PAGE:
Eric Cantor preaches tolerance, discusses same-sex marriage stance

Posted at 1:48 PM, Jul 27, 2012
and last updated 2012-07-27 13:48:14-04

RICHMOND, Va. (WTVR) – Virginia Congressman Eric Cantor talked about tolerance during an interview with Charlie Rose on Friday’s “CBS This Morning.”

Rose asked the House Majority Leader about a statement he made after fellow Republicans in Congress — including former presidential candidate Michelle Bachmann — called for an investigation into Islamic extremists in  the federal government.

Rose: Here's what's interesting about you're a man who very well may be in the future speaker of the House of Representatives, the number two man in the republican house today. "Cantor urges tolerance on gays, Muslims, house majority leader Thursday urged his party and the nation to guard against intolerance on issues ranging from gay marriage to the role of Muslims in the government. Arguing the country's diversity of opinion and acceptance of part of America’s basic fabric.” Are you worried that today there is too much intolerance and some of it is coming from within your own party?

Cantor: I would say there is equal opportunity of intolerance, unfortunately, Charlie, in this country. To me, it's really important for us to remember that we are a country that appreciates freedom and diversity. If i have an opinion and believe in traditional marriage, I think that deserves respect like I would respect someone with a different opinion. That was the point I was making.

Rose: Do you think congresswoman Bachmann was out of line? It does not square with this.

Cantor: I think that if you read some of the reports that have covered the story, I think that her concern was about the security of the country. So it's about all I know.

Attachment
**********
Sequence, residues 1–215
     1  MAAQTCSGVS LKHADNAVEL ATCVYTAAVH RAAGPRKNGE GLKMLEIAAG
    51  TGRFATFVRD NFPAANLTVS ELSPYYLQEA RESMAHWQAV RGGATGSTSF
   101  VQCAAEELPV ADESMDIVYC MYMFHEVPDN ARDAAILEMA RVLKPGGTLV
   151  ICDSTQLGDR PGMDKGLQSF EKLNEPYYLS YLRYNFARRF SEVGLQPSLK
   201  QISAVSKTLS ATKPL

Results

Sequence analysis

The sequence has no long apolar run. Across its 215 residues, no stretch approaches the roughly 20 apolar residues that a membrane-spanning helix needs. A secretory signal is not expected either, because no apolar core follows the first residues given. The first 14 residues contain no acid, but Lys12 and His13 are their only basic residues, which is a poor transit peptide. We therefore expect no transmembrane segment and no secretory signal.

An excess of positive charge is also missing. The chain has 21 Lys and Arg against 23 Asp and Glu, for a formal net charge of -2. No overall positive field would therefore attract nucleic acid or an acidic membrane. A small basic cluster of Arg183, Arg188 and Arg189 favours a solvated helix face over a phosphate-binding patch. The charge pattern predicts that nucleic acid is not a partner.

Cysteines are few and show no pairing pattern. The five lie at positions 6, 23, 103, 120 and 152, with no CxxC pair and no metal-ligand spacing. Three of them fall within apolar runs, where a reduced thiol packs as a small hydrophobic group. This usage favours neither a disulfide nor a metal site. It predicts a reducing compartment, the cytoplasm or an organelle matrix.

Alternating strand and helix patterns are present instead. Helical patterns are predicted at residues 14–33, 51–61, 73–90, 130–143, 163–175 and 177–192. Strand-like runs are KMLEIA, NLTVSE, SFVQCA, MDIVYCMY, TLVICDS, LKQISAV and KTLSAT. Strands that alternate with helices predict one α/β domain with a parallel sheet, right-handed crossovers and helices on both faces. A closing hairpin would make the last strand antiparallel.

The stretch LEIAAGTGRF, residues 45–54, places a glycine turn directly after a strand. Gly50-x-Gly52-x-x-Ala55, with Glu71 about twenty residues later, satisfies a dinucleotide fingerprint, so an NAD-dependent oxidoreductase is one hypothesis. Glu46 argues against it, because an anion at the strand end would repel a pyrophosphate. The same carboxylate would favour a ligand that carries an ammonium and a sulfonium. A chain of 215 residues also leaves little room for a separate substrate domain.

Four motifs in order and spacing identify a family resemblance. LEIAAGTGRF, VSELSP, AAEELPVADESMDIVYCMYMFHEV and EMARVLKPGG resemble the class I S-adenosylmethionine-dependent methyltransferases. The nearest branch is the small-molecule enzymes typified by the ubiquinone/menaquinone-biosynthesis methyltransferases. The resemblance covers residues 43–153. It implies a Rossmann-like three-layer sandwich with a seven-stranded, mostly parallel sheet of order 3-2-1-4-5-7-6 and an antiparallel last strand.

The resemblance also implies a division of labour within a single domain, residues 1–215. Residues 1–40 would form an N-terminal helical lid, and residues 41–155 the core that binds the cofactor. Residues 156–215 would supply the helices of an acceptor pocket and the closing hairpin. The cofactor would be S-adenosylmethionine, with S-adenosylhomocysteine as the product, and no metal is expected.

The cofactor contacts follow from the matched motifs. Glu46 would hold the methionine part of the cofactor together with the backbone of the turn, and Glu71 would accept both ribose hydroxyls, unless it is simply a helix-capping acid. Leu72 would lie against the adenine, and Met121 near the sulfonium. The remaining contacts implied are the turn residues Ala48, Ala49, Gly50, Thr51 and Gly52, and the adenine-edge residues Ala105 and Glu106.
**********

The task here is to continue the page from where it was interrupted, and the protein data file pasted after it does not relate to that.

Rose: Beyond your own visit -- beyond your own sense of diversity and tolerance, does this reflect on your own part some sense that this may damage the party in the general election if there's a perception that the party and its ideas do not reflect diversity and intolerance in.

Cantor: I feel very strongly about the fact that we are a nation of inclusion. We’re built on the waves of immigrants that have come to these shores. I myself am a member of a minority faith and have enjoyed the ability to enjoy and practice that faith unlike I could anywhere else in the world. That is the point here. We all have the freedom that was given to us by our creator and was more liesed if you will in the documents that provide the framework for us to live.

Rose: On the issue of same-sex marriage, others are urging a different look at that?

Cantor: I'm not so sure what the reference to a fundraiser is. What I can tell you is I feel very strongly. I have my views, again, on traditional marriage, which I support. But I respect people who don't agree with me just as I would expect them to respect my opinion